Legislation revamps CCO rules as they prepare to sign new contracts
SALEM – Oregon House Democrats passed House Bill 4018 providing increased transparency and accountability for the coordinated care organizations (CCOs) that serve Oregon’s Medicaid population.
The legislation, years in the making, comes as CCOs in Oregon prepare to sign new five-year contracts.
“It is critical that the $9.3 billion Medicaid budget be spent wisely and with accountability,” said Rep. Mitch Greenlick (D-Portland). “We also must ensure that there are protections in place for the Oregonians served by these organizations. The collapse of FamilyCare showed us that we have work to do to make sure that, in the event of another CCO failure, patients don’t experience interruptions in their care.”
The legislation sets new requirements for CCOs to notify the Oregon Health Authority, which administers the state’s Medicaid program, if they do not plan on renewing their contract and adds requirements for CCOs to make their meetings more public. Among the changes the legislation will make to the current CCO contracts:
- Requires governing body meetings to be open to the public when decisions are being made; requires all governing body meetings be subject to written or video minutes.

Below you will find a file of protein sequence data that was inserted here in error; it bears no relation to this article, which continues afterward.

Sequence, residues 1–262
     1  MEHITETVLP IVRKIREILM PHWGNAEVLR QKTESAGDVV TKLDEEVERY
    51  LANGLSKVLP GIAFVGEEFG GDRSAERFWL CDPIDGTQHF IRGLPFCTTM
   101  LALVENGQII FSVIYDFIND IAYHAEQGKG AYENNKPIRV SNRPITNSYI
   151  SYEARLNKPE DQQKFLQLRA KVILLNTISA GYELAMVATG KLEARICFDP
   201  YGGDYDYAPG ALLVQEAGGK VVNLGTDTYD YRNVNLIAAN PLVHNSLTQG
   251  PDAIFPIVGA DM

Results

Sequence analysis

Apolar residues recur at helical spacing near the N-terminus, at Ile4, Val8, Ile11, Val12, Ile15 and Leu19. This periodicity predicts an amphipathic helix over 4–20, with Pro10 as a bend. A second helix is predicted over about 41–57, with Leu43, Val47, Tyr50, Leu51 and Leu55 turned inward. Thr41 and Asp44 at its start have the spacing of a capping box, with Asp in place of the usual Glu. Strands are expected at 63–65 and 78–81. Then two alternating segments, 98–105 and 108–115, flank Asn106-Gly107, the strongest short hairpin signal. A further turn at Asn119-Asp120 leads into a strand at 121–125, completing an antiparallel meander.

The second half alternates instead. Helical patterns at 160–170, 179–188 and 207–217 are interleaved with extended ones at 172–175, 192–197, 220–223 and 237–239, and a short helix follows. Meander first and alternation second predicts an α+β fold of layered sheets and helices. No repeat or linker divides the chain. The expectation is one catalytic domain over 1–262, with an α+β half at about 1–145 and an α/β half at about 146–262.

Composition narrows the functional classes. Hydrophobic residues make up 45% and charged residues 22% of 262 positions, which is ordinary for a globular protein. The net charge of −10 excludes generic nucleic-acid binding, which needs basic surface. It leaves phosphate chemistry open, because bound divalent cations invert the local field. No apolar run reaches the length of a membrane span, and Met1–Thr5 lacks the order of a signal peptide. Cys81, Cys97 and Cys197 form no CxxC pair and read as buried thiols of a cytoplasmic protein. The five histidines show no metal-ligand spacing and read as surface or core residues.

- Requires CCOs to expend a portion of net income back into the community through investments in the social determinants of health.
- Establishes a 120-day notice of CCO nonrenewal and a minimum of 90-days' notice for providers and patients upon notice of nonrenewal, to be made in a manner approved by the Oregon health Authority.
- Replaces the requirement that a majority of board members be risk-bearing members and instead sets a floor.
House Bill 4018, supported by a majority of CCOs in Oregon, makes key changes and establishes expectations while retaining the flexibility CCOs are designed to have. “This legislation establishes basic standards to hold the Oregon Health Authority accountable, and it tackles the problems that are truly necessary and requires legislative action on while we await review of Health Policy Board process,” said Rep. Andrea Salinas (D-Lake Oswego). “These changes are good for health care providers, CCO patients, and their communities.”
Rep. Barbara Smith Warner (D-Portland) said House Bill 4018 will prevent providers and patients from being blindsided when a CCO pulls out of the Medicaid market
“These organizations are too large and their service is too critical to continue operating without a window into the decision-making processes of these publicly funded institutions,” Rep. Smith Warner said.
Oregon House Democrats are committed to ensuring every Oregonian has access to quality, affordable health care, and ensuring our state government is as efficient, transparent and effective as possible.
House Bill 4018 faced a minority report from House Republicans. The report included policy that a majority of CCOs oppose, and that the committee rejected or never vetted and received no public testimony. The minority report failed 23 to 35.
The legislation, which passed the House 32 to 26, now goes to the Oregon Senate for consideration.
Press release from the Oregon State House Majority Office.